The Paramount Network has permanently canceled the long-running reality series Cops. The show famously paired camera crews with police as they patrolled their cities, and like a number of cop-oriented shows, has been viewed in a new light in the wake of ongoing protests against police brutality. Cops had previously been pulled temporarily by the network, but as The Hollywood Reporter noted, that decision is now permanent.
"Cops is not on the Paramount Network and we don't have any current or future plans for it to return," a spokesperson said in a statement. The decision comes after the reality series had a 25-season run on Fox, which helped put the broadcast network on the map. It was later picked up by Spike TV, Paramount's predecessor, back in 2013. After Spike rebranded into the Paramount Network in 2018, new episodes continued, as well as the syndication rights to all past seasons.
Season 33 of Cops was initially scheduled to premiere on Monday, but the network hasn't aired any episodes since at least June 1. The show was pulled amid growing protests against police brutality that were sparked by George Floyd, a 46-year-old man who was killed by police during his arrest in Minneapolis, Minnesota, on May 25. In addition to the cancellation, the show has also been scrubbed from the Paramount Network website.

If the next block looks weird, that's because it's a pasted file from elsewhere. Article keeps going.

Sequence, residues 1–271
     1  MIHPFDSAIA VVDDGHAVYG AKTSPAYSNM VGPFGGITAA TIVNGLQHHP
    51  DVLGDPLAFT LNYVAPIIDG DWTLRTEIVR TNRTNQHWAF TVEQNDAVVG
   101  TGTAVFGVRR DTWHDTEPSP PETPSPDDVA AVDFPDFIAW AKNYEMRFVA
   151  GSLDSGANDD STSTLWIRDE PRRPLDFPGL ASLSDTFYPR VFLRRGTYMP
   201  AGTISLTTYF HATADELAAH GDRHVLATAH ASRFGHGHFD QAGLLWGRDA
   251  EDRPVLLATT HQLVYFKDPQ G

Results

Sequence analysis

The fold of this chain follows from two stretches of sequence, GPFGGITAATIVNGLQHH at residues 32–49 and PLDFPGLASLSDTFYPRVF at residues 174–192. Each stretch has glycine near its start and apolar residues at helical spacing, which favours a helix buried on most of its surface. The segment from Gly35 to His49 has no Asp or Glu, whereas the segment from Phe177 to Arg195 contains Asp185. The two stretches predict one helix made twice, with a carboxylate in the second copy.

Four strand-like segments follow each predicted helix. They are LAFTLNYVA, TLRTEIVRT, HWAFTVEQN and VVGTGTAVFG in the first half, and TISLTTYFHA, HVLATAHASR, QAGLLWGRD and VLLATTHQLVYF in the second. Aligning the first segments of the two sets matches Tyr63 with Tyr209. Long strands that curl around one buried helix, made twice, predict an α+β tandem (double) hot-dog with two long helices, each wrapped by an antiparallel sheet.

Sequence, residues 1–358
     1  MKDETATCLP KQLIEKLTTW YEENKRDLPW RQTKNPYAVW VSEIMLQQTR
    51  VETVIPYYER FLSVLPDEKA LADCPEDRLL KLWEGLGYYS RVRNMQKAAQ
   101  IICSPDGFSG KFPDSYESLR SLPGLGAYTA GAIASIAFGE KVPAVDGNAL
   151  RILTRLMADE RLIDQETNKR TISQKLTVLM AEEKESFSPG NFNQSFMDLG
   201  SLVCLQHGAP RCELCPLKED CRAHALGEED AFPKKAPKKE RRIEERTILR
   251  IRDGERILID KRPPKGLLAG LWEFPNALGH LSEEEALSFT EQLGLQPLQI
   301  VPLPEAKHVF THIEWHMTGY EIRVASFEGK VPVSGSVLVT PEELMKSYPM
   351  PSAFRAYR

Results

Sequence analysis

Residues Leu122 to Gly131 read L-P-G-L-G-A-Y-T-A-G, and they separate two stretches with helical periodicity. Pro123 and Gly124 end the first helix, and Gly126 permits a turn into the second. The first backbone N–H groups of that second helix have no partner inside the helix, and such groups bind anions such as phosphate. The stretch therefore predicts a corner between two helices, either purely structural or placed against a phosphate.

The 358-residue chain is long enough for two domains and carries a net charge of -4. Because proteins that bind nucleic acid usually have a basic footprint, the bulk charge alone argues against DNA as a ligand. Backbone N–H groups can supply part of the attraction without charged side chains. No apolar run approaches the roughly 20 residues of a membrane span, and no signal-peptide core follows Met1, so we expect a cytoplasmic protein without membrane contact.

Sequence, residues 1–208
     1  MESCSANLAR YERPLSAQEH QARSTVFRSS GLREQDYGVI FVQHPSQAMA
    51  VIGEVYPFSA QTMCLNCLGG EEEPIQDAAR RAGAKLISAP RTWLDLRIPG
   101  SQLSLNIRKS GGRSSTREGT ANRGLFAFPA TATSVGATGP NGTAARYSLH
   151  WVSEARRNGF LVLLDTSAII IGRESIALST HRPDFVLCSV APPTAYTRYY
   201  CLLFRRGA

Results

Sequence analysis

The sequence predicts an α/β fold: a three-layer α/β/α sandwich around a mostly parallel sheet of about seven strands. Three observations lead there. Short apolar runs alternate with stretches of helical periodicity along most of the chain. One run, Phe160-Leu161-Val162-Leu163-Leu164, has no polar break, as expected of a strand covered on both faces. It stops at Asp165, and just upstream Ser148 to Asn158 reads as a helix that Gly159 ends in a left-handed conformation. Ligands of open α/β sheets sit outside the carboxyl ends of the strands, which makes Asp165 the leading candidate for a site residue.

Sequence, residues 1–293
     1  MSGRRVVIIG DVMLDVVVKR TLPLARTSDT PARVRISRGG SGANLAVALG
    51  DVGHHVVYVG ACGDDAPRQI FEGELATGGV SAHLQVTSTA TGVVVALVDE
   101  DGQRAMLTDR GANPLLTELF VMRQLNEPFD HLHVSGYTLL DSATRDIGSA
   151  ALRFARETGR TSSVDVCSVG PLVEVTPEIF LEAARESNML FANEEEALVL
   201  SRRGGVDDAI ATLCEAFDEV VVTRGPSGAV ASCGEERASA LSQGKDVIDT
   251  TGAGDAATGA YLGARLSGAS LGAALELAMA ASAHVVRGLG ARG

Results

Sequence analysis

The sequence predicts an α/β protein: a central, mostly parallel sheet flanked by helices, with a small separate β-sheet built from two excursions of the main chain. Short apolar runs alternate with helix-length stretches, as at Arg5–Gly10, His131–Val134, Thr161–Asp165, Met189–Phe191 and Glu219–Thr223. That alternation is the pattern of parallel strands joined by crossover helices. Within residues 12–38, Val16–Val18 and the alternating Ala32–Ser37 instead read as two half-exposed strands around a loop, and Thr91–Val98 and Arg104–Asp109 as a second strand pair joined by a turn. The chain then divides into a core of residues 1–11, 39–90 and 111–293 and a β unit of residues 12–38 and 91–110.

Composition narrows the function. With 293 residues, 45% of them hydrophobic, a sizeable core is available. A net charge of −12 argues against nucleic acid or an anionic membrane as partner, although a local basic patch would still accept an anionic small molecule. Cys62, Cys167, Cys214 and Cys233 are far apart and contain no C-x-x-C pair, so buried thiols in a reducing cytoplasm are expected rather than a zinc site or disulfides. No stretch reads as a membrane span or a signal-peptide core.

In a similar decision, A&E announced that it was pulling episodes of Live PD from its schedule "out of respect for the families of George Floyd and others who have lost their lives." In a statement to Variety, the network said the decision came "in consideration for the safety of all involved" and "in consultation with the departments" that are featured on the series. The show, which premiered in 2016, utilized a similar format, showcasing real police officers while they were out on patrol.
The protests began just days after the May 25 death of George Floyd. Not long after, people began marching in response to ongoing, widespread complaints about police brutality, citing the numerous deaths of minorities and calling for widespread police reform. The protests have led to some cities implementing significant changes to how they fund their departments — including Minneapolis, where Floyd was arrested and later killed.